This personal, wide-ranging, and contemplative volume--and the last book Barthes published--finds the author applying his influential perceptiveness and associative insight to the subject of photography. To this end, several black-and-white photos (by the likes of Avedon, Clifford, Hine, Mapplethorpe, Nadar, Van Der Zee, and so forth) are reprinted throughout the…
Why read it?
2 authors picked Camera Lucida as one of their favorite books. Why do they recommend it?
In contrast to John Berger’s Marxist aesthetic, Barthes’s approach to visual experience and photographic images draws upon the tradition of semiotics and, to a degree, postmodern theories of text and intertextuality. Barthes leads his reader into the codes and conventions of the image. How images signify is thus made a central topic that provokes self-reflection and reflexive challenges to conventional image analysis. Where Berger’s work is expository and analytic, Barthes's book is exploratory and novelistic (Barthes would have his reader approach the work as a kind of intertextual fiction). As the title of the work suggests, this is Barthes at…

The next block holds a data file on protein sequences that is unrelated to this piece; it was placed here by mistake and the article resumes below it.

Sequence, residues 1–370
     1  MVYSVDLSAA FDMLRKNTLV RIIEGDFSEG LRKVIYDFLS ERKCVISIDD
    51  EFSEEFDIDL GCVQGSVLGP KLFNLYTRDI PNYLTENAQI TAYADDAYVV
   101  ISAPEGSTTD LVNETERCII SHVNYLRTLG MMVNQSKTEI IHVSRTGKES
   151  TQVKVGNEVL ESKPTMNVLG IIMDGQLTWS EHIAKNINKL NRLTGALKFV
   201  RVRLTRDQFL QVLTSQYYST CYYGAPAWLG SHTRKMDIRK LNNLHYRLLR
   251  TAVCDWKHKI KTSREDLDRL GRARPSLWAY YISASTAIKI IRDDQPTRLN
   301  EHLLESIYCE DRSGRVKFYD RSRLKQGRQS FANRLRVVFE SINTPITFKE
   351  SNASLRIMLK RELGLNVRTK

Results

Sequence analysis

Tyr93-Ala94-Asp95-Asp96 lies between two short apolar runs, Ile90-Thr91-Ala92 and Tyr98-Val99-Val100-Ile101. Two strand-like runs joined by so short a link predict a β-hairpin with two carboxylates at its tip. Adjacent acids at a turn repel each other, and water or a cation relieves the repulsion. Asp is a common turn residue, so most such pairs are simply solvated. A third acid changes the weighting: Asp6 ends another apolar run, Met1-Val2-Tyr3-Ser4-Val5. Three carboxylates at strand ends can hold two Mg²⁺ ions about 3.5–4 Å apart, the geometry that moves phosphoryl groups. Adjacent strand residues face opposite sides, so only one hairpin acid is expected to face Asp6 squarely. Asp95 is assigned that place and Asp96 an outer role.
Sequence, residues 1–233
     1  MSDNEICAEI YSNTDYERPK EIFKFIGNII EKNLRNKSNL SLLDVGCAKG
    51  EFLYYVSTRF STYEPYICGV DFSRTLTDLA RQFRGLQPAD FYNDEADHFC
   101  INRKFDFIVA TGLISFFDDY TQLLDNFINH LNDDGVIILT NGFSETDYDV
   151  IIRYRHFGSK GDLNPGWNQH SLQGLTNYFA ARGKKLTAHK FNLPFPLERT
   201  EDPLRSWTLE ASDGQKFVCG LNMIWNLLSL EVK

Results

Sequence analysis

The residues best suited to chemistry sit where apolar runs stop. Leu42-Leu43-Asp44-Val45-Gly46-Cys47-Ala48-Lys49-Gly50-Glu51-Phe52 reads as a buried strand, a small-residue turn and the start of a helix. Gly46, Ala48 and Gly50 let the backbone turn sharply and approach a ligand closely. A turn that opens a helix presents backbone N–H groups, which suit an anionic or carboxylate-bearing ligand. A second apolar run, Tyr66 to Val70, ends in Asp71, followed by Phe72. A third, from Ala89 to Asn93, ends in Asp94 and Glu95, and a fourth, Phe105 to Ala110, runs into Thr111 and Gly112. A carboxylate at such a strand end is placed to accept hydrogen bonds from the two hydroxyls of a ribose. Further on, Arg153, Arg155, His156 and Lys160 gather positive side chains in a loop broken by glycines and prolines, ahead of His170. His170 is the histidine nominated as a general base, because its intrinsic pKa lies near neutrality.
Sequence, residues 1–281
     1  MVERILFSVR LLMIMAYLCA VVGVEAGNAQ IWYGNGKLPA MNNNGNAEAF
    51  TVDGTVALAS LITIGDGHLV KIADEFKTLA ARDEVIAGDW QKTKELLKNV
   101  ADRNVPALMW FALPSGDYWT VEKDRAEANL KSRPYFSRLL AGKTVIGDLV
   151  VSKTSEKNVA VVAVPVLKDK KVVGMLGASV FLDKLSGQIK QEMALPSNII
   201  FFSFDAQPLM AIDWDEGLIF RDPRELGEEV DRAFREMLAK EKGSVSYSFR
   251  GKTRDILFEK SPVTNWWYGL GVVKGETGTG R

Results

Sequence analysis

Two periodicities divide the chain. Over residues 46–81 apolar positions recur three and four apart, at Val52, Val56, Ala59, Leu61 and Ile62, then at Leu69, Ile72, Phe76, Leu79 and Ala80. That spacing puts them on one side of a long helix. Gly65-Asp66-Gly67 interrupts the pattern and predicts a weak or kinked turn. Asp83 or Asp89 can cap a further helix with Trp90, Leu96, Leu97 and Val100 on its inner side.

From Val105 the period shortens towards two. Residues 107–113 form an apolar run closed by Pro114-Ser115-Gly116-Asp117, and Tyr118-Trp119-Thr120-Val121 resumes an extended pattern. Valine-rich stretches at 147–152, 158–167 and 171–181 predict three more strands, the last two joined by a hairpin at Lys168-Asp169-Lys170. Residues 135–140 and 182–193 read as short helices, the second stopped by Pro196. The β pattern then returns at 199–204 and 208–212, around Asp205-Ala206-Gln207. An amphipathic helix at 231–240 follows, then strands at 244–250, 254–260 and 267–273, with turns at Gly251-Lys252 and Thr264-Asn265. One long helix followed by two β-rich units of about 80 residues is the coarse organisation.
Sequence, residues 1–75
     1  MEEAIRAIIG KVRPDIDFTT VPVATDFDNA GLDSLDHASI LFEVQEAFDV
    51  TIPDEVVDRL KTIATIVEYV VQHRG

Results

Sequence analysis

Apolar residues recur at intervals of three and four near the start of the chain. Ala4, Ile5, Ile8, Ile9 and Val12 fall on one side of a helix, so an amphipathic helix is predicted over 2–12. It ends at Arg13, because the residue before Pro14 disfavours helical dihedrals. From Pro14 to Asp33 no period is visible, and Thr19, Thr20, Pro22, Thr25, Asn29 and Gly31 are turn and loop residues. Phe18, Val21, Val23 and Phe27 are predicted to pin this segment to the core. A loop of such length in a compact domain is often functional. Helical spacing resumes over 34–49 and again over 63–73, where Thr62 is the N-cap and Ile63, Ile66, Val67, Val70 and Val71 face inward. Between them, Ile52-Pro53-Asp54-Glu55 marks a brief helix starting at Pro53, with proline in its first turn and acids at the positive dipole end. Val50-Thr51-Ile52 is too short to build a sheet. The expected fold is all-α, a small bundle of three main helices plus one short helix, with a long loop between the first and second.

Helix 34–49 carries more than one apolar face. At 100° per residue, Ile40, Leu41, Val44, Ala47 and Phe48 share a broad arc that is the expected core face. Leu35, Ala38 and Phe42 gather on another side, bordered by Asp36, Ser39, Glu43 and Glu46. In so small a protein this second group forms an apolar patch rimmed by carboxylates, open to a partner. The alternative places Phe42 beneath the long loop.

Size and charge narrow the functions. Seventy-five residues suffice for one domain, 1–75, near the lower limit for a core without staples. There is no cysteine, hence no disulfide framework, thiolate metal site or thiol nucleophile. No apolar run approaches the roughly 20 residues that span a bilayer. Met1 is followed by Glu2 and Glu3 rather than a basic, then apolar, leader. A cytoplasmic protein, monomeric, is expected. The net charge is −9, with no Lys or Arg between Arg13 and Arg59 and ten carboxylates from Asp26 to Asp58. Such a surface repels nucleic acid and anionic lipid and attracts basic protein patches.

I was stunned when I read Barthes’s book on photography! His primary question in this short work is why photographs affect him in ways different from other art forms. He finds a new language to describe how they hit his nervous system and provoke his emotions. While Barthes figures out the mysterious aura of old images, we begin to learn how they affect us as well. This is a beautiful, erotic work about suspended moments in time, as well as an elegy for loved ones preserved in this haunted medium.
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